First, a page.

Overall, “I honestly don’t see anything that is a huge game-changer in how we continue to manage for sage grouse,” Budd said. The reworking of the executive order “will not be a major overhaul,” an announcement of the SGIT meeting reads.
The core-area strategy is a linchpin of management regime established by the executive order. The U.S. Fish and Wildlife Service endorsed the policy of prioritizing “development outside Core Population Areas,” saying “if implemented by all landowners [it…] would provide adequate protection for sage-grouse and their habitats.”
But that prioritization “has all but been discontinued in practice by the BLM,” Ed Arnett and Steve Belinda wrote respectively for the Theodore Roosevelt Conservation and North American Grouse Partnership. “…The current rate of leasing and potential development simply does not make good sense,” given that the executive order states that “all efforts” to direct that development “shall be made.”
They called for a state-federal master leasing plan to prioritize leasing outside core areas. Wyoming Outdoor Council and the National Audubon Society also see the Wyoming strategy being eroded.
“We recommend that the State reemphasize its commitment to safeguarding core area habitats by maintaining and strengthening development prioritization standards irrespective of Federal efforts to undermine those standards through changes in their leasing and development priorities,” wrote Dan Heilig, senior conservation advocate for the Wyoming Outdoor Council and Brian Rutledge, director of the Sagebrush Ecosystem Initiative for the National Audubon Society.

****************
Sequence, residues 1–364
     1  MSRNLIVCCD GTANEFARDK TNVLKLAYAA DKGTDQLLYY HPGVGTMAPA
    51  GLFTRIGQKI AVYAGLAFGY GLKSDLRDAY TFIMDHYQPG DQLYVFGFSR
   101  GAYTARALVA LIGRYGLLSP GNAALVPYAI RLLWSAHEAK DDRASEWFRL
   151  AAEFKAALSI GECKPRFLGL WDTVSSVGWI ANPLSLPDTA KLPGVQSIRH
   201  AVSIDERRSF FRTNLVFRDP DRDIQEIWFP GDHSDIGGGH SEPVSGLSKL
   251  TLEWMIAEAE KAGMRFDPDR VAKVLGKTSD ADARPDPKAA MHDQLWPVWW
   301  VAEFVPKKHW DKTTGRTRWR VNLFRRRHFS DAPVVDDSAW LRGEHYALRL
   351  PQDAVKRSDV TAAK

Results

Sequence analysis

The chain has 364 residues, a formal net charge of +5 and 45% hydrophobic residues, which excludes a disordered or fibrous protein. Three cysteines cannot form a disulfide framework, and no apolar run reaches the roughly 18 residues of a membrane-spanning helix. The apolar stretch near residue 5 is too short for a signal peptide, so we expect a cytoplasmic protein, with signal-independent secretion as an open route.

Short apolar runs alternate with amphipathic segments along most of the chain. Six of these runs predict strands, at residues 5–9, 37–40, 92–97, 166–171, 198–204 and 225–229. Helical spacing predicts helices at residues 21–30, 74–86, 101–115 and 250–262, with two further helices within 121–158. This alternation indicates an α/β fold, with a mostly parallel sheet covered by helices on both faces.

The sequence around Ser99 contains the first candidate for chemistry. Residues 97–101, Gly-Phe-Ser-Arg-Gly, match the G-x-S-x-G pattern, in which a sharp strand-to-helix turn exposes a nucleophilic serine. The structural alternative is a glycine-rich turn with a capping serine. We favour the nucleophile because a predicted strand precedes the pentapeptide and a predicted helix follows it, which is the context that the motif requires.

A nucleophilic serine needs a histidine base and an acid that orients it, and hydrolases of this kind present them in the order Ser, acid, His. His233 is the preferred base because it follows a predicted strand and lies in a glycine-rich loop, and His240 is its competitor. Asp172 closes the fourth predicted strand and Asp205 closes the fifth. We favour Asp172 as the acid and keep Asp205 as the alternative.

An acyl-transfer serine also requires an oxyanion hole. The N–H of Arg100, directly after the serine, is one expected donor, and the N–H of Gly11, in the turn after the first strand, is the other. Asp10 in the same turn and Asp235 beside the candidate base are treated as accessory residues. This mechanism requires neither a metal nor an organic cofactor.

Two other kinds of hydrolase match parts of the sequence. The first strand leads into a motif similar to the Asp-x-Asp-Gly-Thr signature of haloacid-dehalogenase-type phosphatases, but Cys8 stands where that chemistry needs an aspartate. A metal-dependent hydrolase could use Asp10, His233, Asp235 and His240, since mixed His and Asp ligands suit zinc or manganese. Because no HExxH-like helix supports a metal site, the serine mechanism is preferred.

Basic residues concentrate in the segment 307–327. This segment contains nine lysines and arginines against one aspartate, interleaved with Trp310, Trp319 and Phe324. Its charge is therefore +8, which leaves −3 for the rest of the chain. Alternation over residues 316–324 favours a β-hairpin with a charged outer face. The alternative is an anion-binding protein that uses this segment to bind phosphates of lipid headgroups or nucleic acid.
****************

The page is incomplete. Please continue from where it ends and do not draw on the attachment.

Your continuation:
Joe Bohne, chairman of the Upper Snake River Working Group pointed to an example of how federal action has eviscerated the executive order. “Recent events, such as the decision to allow leases in the ‘Golden Triangle,’ cause us to question the ability of the Executive Order to protect Greater sage-grouse sufficiently,” he wrote. “This decision alone likely foreshadows the inability of the Executive Order to conserve Greater sage-grouse in Wyoming unless the Core Area policy is strengthened and enforced.”
The Golden Triangle area that’s being leased by the BLM contains the highest density of sage grouse on Earth, wrote Tom Christiansen, who served as the Game and Fish sage grouse leader until his recent retirement. Game and Fish Department maps four breeding-ground leks there with more than 100 males, including “the only lek in North America to exceed a count of 300 male sage-grouse.”